Fujitsu CEO maps future datacentre plans

Fujitsu CEO maps future datacentre plans

Summary: Fujitsu Australia plans to open a Tier 3 datacentre in Western Australia in the next "month or two", according to the company's chief executive officer (CEO), Rod Vawdrey, as well as upgrade a number of its existing datacentres in Melbourne and Sydney.

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TOPICS: Data Centers
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Fujitsu Australia plans to open a Tier 3 datacentre in Western Australia in the next "month or two", according to the company's chief executive officer (CEO), Rod Vawdrey, as well as upgrade a number of its existing datacentres in Melbourne and Sydney.

Rod Vawdrey

Fujitsu Australia chief Rod Vawdrey (Credit: Fujitsu)

"We've had a massive expansion of our datacentre footprint over the last 12 months," CEO Vawdrey said in a telephone interview with ZDNet Australia this morning.

The two small datacentres Fujitsu currently has in Perth will be consolidated into the new "biggest and best Fujitsu datacentre in Western Australia", according to Vawdrey.

"We've always said we've wanted to move them from Tier 2 to Tier 3 and so we planned a new datacentre that would consolidate our Tier 2's and address some of the shortages of government space and also commercial space," he said. "And then of course we were very fortunate to get a large anchored tenant from one of the large financial institutions.

"But there is significant capacity there to take on some of the resource companies; we've had a couple of those already sign up and also some government agencies."

An upgrade to a Melbourne datacentre would also enable more customers to take up Fujitsu datacentre space.

"We've got major upgrades and new customers coming on-board for a big upgrade of our datacentre in Melbourne to Tier 3 — advanced Tier 3 — which is going to be first taken up by three universities in Melbourne. We've [also] got a big expansion of our Homebush datacentre in Sydney and our North Ryde datacentre."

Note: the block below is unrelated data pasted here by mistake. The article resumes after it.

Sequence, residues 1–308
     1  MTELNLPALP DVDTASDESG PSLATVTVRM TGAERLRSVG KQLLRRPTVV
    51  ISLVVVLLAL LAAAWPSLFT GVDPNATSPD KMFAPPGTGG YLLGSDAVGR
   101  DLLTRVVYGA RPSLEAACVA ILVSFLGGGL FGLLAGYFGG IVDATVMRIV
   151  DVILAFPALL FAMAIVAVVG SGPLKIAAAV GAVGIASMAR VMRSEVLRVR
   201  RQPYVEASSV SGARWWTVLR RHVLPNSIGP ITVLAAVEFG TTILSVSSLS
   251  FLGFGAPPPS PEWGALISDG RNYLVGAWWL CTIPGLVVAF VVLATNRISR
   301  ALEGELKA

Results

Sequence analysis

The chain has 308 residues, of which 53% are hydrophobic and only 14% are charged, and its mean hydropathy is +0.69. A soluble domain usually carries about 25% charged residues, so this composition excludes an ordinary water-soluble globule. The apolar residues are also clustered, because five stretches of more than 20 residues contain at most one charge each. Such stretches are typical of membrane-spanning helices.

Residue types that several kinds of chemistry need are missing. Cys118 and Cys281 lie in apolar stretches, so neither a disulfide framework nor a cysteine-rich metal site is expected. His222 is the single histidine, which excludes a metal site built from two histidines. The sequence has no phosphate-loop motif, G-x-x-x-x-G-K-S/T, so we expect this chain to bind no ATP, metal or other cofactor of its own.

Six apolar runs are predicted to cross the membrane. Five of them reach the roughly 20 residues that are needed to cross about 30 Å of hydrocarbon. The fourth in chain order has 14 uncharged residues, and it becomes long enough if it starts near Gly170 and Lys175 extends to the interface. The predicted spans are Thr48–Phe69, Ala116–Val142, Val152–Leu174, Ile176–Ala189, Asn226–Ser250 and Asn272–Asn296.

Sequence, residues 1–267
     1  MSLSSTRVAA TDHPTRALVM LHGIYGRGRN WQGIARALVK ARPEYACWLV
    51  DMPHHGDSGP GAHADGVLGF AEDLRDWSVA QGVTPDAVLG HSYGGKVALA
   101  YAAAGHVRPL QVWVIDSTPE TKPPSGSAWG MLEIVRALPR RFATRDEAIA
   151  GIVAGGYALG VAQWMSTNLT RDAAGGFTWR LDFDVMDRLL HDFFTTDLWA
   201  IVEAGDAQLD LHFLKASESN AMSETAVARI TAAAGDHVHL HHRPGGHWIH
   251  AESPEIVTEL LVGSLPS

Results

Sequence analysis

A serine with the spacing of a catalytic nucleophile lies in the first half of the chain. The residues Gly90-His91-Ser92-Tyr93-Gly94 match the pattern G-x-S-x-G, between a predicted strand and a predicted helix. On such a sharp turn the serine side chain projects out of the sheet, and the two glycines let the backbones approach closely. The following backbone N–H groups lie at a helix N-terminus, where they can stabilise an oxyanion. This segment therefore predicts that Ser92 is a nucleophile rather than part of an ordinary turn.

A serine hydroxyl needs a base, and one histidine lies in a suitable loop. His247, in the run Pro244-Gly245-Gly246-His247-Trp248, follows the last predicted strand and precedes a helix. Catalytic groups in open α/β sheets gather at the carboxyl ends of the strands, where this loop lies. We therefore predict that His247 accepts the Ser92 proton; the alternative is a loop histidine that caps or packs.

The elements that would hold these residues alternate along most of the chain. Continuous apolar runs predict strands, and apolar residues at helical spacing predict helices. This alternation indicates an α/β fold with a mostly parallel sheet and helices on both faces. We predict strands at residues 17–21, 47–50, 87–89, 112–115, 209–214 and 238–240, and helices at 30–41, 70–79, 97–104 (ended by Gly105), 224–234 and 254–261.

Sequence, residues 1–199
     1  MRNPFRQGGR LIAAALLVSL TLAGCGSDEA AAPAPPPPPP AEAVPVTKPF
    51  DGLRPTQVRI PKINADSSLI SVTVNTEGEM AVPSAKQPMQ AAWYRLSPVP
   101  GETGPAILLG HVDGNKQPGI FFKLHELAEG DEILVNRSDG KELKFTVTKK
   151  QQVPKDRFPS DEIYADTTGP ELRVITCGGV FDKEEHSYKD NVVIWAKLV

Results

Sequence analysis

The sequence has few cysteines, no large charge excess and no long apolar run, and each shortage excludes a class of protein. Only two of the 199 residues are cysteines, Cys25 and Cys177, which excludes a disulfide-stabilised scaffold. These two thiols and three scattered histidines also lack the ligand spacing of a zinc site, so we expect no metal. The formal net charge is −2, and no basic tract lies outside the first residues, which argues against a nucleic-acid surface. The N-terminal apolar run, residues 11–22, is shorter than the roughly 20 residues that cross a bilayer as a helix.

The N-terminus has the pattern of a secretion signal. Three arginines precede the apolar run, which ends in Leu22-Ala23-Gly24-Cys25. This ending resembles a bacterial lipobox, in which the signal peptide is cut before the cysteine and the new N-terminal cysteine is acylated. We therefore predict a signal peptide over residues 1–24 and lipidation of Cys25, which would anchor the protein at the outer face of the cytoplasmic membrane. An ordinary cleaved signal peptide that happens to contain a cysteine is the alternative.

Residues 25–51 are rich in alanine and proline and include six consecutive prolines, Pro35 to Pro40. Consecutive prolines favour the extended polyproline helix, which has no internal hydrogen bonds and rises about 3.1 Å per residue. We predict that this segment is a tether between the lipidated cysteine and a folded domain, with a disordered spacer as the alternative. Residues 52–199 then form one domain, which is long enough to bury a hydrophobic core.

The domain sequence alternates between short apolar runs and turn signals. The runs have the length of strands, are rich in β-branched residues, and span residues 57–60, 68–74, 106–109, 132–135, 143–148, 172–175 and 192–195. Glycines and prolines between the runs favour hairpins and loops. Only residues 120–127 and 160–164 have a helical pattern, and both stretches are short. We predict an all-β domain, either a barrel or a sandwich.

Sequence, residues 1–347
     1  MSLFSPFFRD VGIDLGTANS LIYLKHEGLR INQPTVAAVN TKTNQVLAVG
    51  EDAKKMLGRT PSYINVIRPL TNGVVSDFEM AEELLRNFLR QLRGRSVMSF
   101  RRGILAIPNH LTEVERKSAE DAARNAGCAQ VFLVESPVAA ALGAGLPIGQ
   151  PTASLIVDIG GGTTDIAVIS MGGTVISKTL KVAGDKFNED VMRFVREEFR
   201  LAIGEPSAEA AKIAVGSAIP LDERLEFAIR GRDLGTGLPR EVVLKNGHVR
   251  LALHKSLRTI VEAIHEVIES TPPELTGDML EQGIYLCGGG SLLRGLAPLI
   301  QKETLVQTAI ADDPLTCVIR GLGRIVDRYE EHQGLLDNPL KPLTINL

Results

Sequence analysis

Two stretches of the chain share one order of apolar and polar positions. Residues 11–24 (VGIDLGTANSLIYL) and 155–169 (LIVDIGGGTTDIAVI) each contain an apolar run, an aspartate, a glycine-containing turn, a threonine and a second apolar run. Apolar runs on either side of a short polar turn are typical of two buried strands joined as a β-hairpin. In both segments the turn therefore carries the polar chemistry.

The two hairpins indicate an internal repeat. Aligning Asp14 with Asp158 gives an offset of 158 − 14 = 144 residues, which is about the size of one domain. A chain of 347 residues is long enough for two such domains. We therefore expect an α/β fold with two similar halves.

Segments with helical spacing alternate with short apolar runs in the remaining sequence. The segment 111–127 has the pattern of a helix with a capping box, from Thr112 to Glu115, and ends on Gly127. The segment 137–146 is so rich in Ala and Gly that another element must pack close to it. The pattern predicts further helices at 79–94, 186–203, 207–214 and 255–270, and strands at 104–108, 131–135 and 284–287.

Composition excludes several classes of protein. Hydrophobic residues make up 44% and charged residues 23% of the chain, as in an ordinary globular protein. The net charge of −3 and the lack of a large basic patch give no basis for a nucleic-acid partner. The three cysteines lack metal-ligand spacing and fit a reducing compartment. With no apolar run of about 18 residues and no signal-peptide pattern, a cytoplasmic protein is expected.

Vawdrey said Fujitsu Australia was trying to "solve the problem of a substantial shortage of Tier 3 datacentre space" in the country.

"We're involved with many different customers and helping them get into that space as it comes online. But the reality is that decisions are made based on when people's current leases and capabilities are going to run out. And, you know, it's almost at the point where whatever datacentre capacity is brought online, it's pre-sold before it comes online.

"I can't satisfy everybody's needs, I guess, is the simple way of putting it," he said.

New datacentres?

Vawdrey said the company was "definitely looking" at further expanding capacity in Sydney and Melbourne, both via upgrading existing datacentres and opening new sites.

"We will build new datacentres and we will also upgrade our existing facilities. Many of our existing facilities were built originally so that we could add on extra modules. To say it's an upgrade, it's not just taking a building and just refurbishing it, it's actually, if you take the new Perth one for example, by the time it opens we'll be building the second or third module.

"So datacentres these days are built in a much more modular capability that allows you to plan your capacity coming online as customer requirements needs it," he said.

Topic: Data Centers

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